In Benin, Evangelistic Series Results in 238 Baptisms in the Land of Voodoo

Pentecost 2024 meetings sought to give “Hope for a Troubled World.”

Abraham Bakari, West-Central Africa Division, and Adventist Review
In Benin, Evangelistic Series Results in 238 Baptisms in the Land of Voodoo
Two hundred and thirty-eight people receive baptism on the last day of the Pentecost 2024 evangelistic series in Cotonou, Benin, on April 27. [Photo: Abraham Bakari, West-Central Africa Division]

In the heart of Hêvié Akossavié, a neighborhood famed as a stronghold of voodoo in Cotonou, Benin, Hensley Moorooven, undersecretary of the General Conference, led the Pentecost 2024 evangelistic series April 14-27 under the theme “Hope for a Troubled World.”

On the final day, 16 pastors baptized the candidates under a scorching sun.

Among them, Christine had broken away from her old life to follow Jesus Christ. “The slavery and obstacles had lasted too long,” she said. She entered one of the three wooden baptisteries especially built for the occasion.

Toward the end of the ceremony, many undecided people surrendered to the repeated calls of West-Central Africa Division (WAD) secretary Selom Kwasi Sessou. One by one, they were led to the baptistery.

Four women faced hostile spirits during their baptism. Three were quickly freed from those influences in the name of Jesus. The fourth required a session of deliverance prayers outside the water before she was finally freed. According to WAD evangelism director Emmanuel Koffi Kra, “it is a common phenomenon in Benin.”

Simon Adjeoda Djossou, president of the Eastern Sahel Union Mission of the Seventh-day Adventist Church and preacher at Segbeya, emphasized the significance of the event. “Hêvié is a global center of voodoo, attracting followers from all over the world in search of power. It is a locality deeply feared and entrenched in voodoo rites and practices.”

People felt the impact of the campaign well beyond the baptisms, church leaders reported. Voodoo objects were collected and destroyed, symbolizing the new converts’ renunciation of their former beliefs. Ella, one of the women baptized, wept with joy at leaving her past life behind. Her experience illustrates the deep transformation experienced by the participants, church leaders said.

It was a beautiful sight to see these men, women, and children experiencing true life for the first time, church leaders said. It was also wonderful for the church members in Benin to experience such intense moments of joy for such a beautiful harvest, they added.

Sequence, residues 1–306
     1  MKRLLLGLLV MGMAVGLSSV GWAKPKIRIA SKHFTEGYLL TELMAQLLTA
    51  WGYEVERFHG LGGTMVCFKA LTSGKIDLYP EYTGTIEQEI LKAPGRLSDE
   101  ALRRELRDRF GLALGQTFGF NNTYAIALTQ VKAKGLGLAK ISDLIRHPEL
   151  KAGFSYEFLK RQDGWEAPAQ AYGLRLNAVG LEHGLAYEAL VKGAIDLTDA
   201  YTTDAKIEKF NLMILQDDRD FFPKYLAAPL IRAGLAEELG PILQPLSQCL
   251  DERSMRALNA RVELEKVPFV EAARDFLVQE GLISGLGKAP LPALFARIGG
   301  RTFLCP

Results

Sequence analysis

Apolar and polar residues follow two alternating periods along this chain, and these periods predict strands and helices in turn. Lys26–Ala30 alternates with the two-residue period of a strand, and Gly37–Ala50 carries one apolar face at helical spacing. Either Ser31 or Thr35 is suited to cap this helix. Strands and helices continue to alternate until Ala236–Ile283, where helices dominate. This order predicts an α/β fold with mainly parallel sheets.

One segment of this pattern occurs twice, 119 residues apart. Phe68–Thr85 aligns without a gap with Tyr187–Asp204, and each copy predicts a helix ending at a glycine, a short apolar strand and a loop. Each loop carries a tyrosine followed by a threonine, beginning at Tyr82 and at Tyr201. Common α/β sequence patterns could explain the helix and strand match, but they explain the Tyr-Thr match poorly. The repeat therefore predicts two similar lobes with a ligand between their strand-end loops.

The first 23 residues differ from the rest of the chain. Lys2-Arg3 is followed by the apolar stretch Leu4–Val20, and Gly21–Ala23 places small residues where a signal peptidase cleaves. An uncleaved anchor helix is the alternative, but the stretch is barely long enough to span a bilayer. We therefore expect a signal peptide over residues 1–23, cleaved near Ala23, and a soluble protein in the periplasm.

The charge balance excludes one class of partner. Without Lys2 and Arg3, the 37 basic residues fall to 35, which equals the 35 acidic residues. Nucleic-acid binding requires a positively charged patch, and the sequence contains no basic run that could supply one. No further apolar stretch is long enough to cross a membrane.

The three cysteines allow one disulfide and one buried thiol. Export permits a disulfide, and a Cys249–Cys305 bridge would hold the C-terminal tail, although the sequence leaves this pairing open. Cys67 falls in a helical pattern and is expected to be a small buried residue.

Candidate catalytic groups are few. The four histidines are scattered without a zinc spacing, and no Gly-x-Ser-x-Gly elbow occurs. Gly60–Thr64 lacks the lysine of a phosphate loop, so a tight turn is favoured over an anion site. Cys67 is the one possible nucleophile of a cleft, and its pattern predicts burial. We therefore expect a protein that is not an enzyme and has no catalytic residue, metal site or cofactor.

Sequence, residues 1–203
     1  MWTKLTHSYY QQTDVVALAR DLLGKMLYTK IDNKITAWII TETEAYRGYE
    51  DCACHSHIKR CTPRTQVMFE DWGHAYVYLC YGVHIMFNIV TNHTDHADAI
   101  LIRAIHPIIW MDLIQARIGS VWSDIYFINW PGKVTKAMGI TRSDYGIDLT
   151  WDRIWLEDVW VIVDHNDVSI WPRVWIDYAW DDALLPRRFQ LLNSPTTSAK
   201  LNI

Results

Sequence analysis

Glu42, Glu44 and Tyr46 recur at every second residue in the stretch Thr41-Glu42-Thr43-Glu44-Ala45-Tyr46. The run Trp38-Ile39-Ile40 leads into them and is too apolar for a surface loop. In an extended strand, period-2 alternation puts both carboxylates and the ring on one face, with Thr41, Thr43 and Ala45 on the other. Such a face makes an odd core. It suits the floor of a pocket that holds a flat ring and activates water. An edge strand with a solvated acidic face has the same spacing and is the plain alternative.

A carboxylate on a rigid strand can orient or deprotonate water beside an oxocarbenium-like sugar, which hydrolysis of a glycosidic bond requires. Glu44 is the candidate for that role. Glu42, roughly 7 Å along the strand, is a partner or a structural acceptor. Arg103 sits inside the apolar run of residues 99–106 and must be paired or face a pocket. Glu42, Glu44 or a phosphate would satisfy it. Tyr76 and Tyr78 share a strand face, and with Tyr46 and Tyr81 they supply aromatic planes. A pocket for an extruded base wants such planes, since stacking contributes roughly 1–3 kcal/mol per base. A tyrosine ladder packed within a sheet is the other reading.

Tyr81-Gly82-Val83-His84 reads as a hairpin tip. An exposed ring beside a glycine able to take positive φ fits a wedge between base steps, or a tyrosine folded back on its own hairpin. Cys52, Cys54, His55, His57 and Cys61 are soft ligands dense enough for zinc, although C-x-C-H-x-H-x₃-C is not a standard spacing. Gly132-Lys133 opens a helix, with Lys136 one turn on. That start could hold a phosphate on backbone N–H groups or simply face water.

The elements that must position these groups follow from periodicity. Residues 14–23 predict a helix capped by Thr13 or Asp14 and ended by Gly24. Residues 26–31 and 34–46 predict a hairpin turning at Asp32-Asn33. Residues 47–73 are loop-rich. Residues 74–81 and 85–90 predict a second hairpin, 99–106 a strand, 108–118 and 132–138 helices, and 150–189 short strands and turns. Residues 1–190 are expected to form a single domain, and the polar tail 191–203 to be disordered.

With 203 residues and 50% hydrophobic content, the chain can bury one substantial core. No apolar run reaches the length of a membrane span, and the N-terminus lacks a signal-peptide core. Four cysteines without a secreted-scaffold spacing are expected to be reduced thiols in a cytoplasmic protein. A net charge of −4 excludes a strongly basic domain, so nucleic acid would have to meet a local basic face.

Drawing on the first chapters of the Gospel of John, Moorooven reassured the new believers of an abundant life in Jesus who can meet all their needs — material, spiritual, emotional, or physical.

The evangelistic series was enhanced by the presence of several guest speakers. Nestor Bollet from WAD was in Porto Novo; Paul Able Baka, director of evangelism in the Eastern Sahel Union Mission, was at the Womey site in Cotonou; and Komlan Simon Djossou was at the Segbeya site in Cotonou.

The same fervor animated small groups meeting in Ivory Coast, Burkina Faso, Niger, and Togo, totaling 405 baptisms, leaders reported.

In parallel, WAD youth director Alfred Asiem organized a youth advisory that culminated with a Christian music concert on April 28.

The impact of this mission was further reinforced by the announcement of a US$35,000 donation from the GC and some private donors for the construction of an Adventist church in Hêvié. It is a tangible sign of the church’s ongoing commitment to the region, church leaders said. According to Djossou, a plot has already been acquired, and within six months, the new church will be opened and organized.

With more than 7,000 members spread across 38 churches and 57 groups, the Benin Conference sees these events as a powerful vector for spiritual and community growth, church leaders emphasized. “It is breathing new life into the faith across the region,” they said.

The original version of this story was posted on the West-Central Africa Division news site.

Abraham Bakari, West-Central Africa Division, and Adventist Review